Dr Russell Macpherson is the director of new product introduction and product technology at GSK Sligo.
Macpherson previously worked as a senior project engineer with QinetiQ, taking responsibility for a diverse range of engineering projects associated with the building of a concept hybrid electric vehicle. He has also worked as a PhD researcher and lecturing assistant at the University of Aberdeen.
After a stint in consumer healthcare R&D in Parsippany, New Jersey, he made the move to Sligo in May 2013 to focus on new products and the technology behind them.
Macpherson holds a PhD in artificial intelligence and a master’s in electrical and electronic engineering.
Describe your role and what you do.
I am the new product introduction (NPI) and product technology director. My responsibilities can be broken down into two main areas: launching new products onto the global stage, and being responsible for the technical operations of a modern manufacturing facility. In simple terms, I am responsible for getting creative and looking into the science and innovation of the products we make at GSK Sligo.
How do you prioritise and organise your working life?
It’s important to differentiate the important from the urgent and recognise when you have both. That’s what I try to do and this helps to prioritise against timelines that I face each week. One of the most important skills to have in a role like mine is being able to deal, and adapt, with rapid change. This helps enormously with prioritisation and helps with your role in general – science isn’t static!
What are the biggest challenges facing your sector and how are you tackling them?
One of the biggest challenges in NPI is how to launch innovation quickly within a highly regulated environment, such as the healthcare and pharmaceutical sector. Regardless, a culture of continuous improvement must be fostered, and nurturing a team ethos of curiosity, learning and creative innovation in day-to-day activities helps me and my team to meet these challenges, and discover more ways of doing things better for GSK with science.
What are the key sector opportunities you’re capitalising on?
People development. We have a very fruitful collaboration with the local Institute of Technology here in Sligo, where we have successfully developed a bespoke distance-learning degree.
As a science-led global healthcare company, having access to highly skilled employees is essential. In a bid to meet this demand, GSK worked in collaboration with IT Sligo to develop the BSc in pharmaceutical science, with a module specifically focusing on colloid science and pharmaceutical manufacturing due to a skills gap in Ireland, and globally across our sites.
So, colloid science (the fundamental science behind creams) and manufacturing modules for this new programme was a huge focus. It gives our employees the opportunity to study for a degree while deploying new knowledge in the workplace – a win-win situation. It is a Level 7 degree, open to all 1,800 GSK employees located in any of the four GSK sites nationwide (Sligo, Dublin, Dungarvan and Cork) as well as staff located around the world via online distance learning.
What set you on the road to where you are now?
Enquiry and curiosity, refusing to take no for an answer or being told that something can’t be done, and some good advice from a wise family member: my grandfather.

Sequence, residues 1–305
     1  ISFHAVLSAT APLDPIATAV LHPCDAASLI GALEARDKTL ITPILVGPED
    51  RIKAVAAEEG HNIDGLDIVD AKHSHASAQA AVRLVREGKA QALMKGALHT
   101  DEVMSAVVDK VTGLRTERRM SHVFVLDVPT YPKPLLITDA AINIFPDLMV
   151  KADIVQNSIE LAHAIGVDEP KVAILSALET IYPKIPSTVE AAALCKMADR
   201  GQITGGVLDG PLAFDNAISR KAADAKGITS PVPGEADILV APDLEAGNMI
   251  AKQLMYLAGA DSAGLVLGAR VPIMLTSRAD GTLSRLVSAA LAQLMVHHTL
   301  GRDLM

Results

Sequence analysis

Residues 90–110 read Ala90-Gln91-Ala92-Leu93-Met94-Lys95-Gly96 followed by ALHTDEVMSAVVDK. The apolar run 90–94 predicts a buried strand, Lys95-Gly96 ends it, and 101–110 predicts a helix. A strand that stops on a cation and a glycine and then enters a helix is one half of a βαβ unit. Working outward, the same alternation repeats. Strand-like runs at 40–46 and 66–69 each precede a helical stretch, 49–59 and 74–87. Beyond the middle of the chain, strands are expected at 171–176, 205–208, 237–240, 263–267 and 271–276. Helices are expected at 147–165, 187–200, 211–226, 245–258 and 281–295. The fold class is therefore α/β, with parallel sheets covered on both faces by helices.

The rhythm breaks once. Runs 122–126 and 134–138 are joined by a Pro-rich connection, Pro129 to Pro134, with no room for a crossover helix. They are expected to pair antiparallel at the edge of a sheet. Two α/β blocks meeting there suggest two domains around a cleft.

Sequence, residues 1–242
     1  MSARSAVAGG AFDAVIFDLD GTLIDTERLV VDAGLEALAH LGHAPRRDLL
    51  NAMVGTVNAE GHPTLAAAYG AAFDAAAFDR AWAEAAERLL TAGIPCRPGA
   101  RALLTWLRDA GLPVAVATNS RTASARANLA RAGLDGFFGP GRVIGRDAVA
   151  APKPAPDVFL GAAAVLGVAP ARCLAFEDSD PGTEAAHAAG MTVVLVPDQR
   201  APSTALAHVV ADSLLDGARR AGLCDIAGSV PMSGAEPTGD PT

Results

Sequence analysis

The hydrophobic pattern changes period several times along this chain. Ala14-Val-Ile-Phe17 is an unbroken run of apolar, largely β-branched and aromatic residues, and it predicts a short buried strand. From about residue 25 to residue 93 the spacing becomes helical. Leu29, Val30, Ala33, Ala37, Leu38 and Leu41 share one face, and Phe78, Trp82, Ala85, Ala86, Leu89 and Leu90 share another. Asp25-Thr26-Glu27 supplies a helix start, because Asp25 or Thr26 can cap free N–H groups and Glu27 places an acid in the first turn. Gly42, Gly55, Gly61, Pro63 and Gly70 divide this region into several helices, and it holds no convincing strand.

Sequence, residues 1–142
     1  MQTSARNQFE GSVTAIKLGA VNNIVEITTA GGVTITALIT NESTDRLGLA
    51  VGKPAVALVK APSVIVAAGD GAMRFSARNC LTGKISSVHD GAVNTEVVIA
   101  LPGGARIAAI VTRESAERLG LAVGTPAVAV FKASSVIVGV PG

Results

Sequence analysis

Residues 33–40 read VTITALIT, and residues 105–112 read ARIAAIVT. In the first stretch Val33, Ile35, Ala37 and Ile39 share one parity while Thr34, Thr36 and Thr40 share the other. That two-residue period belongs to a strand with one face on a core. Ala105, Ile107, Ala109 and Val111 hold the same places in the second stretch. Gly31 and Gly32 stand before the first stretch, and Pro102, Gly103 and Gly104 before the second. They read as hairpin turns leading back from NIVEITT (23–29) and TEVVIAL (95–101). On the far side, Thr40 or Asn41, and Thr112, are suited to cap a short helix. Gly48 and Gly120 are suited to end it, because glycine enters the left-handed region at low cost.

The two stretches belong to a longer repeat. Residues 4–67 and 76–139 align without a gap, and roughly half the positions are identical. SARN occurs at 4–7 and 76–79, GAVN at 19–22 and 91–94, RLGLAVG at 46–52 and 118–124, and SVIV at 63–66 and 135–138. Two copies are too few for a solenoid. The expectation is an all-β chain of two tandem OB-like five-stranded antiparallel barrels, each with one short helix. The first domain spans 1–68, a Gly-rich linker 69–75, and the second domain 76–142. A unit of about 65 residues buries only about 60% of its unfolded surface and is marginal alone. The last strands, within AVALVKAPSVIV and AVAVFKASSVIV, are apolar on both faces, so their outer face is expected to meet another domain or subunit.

I was also very fortunate that I listened to his great advice when I was completing my apprenticeship in process control and instrumentation many years ago. I was thinking about quitting to pursue something else and he told me to finish what I had started as it would always a give me a foundation to build on. I took that advice and from completing my apprenticeship, I went on to study at university and ultimately obtain a PhD.
What was your biggest mistake and what did you learn from it?
Trying to please everyone! Once I realised that this was impossible and not realistic, I felt my eyes were opened and everything came into perspective. However, I think you learn this as you get older and gain experience throughout your years, professionally and personally.
How do you get the best out of your team?
Trust and empowerment. It’s important to direct your team, but it’s also just as important to trust your team to find their own way, make mistakes and learn from them. We work in a very fast-paced environment where we are constantly looking, testing, innovating and trying new things – science changes all the time. It’s so important we all believe and respect each other’s skills and ideas, so that we get to where we need to be and help patients and consumers to do more, feel better and live longer.
STEM sectors receive a lot of criticism for a lack of diversity in terms of gender, ethnicity and other demographics. Have you noticed a diversity problem in your sector? What are your thoughts on this and what’s needed to be more inclusive?
Locally, no, I don’t experience a problem – I am very fortunate to be working in a company that champions diversity.
Who is your role model and why?
A tough one and to answer, there is no one role model. I admire people who show tenacity. For example, James Clerk Maxwell, the Scottish physicist who unified the theories of electricity and magnetism to give us the theory of electromagnetism, without which you wouldn’t be reading this on the internet now! I studied his famous equations as part of my PhD work and it was quite humbling.
What books have you read that you would recommend?
Originals: How Non-Conformists Move the World by Adam Grant.
The Limits to Growth by Donella H Meadows et al.
What are the essential tools and resources that get you through the working week?
The Eisenhower Matrix. It reminds me how important prioritisation is. Exercise to keep a healthy body and mind, self-reflection and a little me time.